To identify ubiquitinated forms of Bcl-2, HeLa cells transiently transfected with various myc-tagged Bcl-2 constructs were incubated with the proteasome inhibitor lactacystin (10 μM) for 2 h (7). Cells were lysed, and protein concentrations were determined by the Bradford method (6). Equal amounts of protein were subjected to immunoprecipitation with anti-myc antibody. The immunoprecipitate was resolved via SDS–10% PAGE and transferred onto polyvinylidene difluoride (PVDF) membrane, and the conjugates were detected with anti-ubiquitin antibody (Sigma-Aldrich Chemie GmbH, Deisenhofen, Germany) and the enhanced chemiluminescence method (Amersham, Braunschweig, Germany). As a control for expression of myc-tagged Bcl-2 protein, Western blot analysis was performed with an anti-myc antibody (Santa Cruz Biotechnology).

For the assay of TNF-α-induced degradation, cells were incubated for the time periods indicated with 100 ng of TNF-α per ml, and cell extracts were obtained by lysis of cells in 10 mM Tris-HCl (pH 8), 1% Triton X-100, and 0.32 M sucrose on ice for 20 min. Then, homogenates were centrifuged and the resulting supernatant was used for Western blotting. Proteins (30 μg/lane) were loaded onto SDS–12.5% PAGE gels and probed with anti-Bcl-2 antibody (Boehringer Mannheim) or anti-myc antibody (Santa Cruz Biotechnology), and enhanced chemiluminescence was performed according to the instructions of the manufacturer (Amersham).

Stability of proteins in vivo.

HeLa cells were starved in Dulbecco's modified Eagle's medium without methionine and cysteine for 1 h and then were metabolically labeled with l-[35S]methionine and l-[35S]cysteine for 2 h. HeLa cells were then chased in nonradioactive medium for the time periods indicated. Cells were lysed (10 mM Tris-HCl, pH 8; 1% Triton X-100; 0.32 M sucrose) at 4°C for 20 min. Samples containing equal amounts of protein were immunoprecipitated with an anti-myc antibody. Immunocomplexes were collected with immobilized Protein A/G-plus Sepharose (Amersham) and resolved on SDS–12.5% PAGE. The gel was dried, and proteins were visualized by a PhosphorImager (Molecular Dynamics).

In vitro kinase assay.

For the detection of in vitro phosphorylation of Bcl-2 by MAP kinase or Akt kinase, respectively, HeLa cells were transiently transfected with various myc-tagged Bcl-2 constructs and overexpressed proteins were immunoprecipitated with anti-myc antibody. Isolated immunoprecipitated myc-tagged Bcl-2 proteins were incubated at 30°C in a kinase reaction mixture containing 25 mM Tris (pH 7.5), 5 mM β-glycerolphosphate, 0.1 mM Na3VO4, 2 mM dithiothreitol, 10 mM MgCl2, 15 μM ATP, and 5 μCi of [γ-32P]ATP with activated MAP kinase ERK2 (New England Biolabs, Schwabach, Germany) for 30 min. Active Akt was obtained by immunoprecipitation of myc-tagged, constitutive active Akt (Thr308Asp and Ser473Asp) from transiently transfected COS-7 cells as described recently (17). Immunoprecipitated myc-tagged Akt kinase was combined with immunoprecipitated myc-tagged Bcl-2, and in vitro kinase assays were carried out as described above. The reaction was terminated by the addition of SDS loading dye, and samples were subjected to SDS–12.5% PAGE and analyzed by a PhosphorImager.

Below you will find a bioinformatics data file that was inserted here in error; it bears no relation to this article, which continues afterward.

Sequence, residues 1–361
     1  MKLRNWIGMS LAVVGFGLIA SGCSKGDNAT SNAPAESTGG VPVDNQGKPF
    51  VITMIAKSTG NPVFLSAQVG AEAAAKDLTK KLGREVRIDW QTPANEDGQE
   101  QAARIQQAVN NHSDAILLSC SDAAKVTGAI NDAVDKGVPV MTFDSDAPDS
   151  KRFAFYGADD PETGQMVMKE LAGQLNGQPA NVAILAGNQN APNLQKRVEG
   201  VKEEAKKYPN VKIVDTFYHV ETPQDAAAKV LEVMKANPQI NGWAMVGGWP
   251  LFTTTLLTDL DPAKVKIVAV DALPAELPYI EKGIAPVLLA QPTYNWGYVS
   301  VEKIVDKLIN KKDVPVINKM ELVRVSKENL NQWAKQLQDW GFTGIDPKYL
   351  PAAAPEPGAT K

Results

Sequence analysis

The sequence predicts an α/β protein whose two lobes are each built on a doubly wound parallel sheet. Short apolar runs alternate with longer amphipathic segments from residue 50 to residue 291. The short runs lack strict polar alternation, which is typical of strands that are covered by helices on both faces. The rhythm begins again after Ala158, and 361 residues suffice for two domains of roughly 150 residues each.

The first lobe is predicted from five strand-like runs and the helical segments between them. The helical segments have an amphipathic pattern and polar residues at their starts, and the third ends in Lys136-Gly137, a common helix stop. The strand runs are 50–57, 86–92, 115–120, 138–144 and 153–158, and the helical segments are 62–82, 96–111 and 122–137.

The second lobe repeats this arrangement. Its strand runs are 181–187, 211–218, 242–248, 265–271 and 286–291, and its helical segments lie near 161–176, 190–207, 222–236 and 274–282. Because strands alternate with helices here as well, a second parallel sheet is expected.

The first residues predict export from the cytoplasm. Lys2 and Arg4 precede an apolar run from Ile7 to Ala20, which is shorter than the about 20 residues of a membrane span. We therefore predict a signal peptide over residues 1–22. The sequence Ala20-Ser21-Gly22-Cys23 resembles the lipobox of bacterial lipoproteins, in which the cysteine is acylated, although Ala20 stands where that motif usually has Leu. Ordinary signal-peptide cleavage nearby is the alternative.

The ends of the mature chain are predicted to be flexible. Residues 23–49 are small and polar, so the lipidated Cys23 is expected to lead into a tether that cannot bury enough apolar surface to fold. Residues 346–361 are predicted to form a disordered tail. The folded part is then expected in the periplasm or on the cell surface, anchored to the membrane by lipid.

Cell death analysis.

DNA fragmentation was demonstrated and quantified by morphological analysis of apoptotic nuclei after fluorescence staining with 4′,6′-diamidino-2-phenylindole (DAPI) as described previously (16). The data were confirmed by an enzyme-linked immunosorbent assay specific for histone-associated DNA fragments as recently described (18). To determine the influence of the various Bcl-2 constructs on apoptosis, HUVEC were transiently cotransfected with β-galactosidase reporter and test plasmids. Cells were fixed in 4% formaldehyde, and transfected cells were identified by β-galactosidase staining for 12 h. The percentage of morphologically altered cells typical for apoptotic cell death was determined by phase-contrast microscopy and then represented as a function of the total number of blue cells under each condition. The number of dead versus viable cells was counted by two independent investigators in a total number of 600 cells.

Northern blot.

Total RNA was prepared as described recently (5) and 10 μg of total RNA was loaded on 0.8% formamide agarose gels. RNA was blotted on nylon membranes, and the blots were hybridized with a [α-32P]dCTP-labeled DNA probe specific for human MKP-3. After incubation for 24 h, blots were washed (0.1% SDS, 0.2× SSC [1× SSC is 0.15 M NaCl plus 0.015 M sodium citrate]) and exposed to X-ray films.


Data are expressed as the mean ± standard error of the mean (SEM) from at least three independent experiments. Statistical analysis was performed with analysis of variance followed by a modified least significant difference test (SPSS-Software).


Bcl-2 stability is mainly regulated by phosphorylation of its MAP kinase sites Thr74 and Ser87.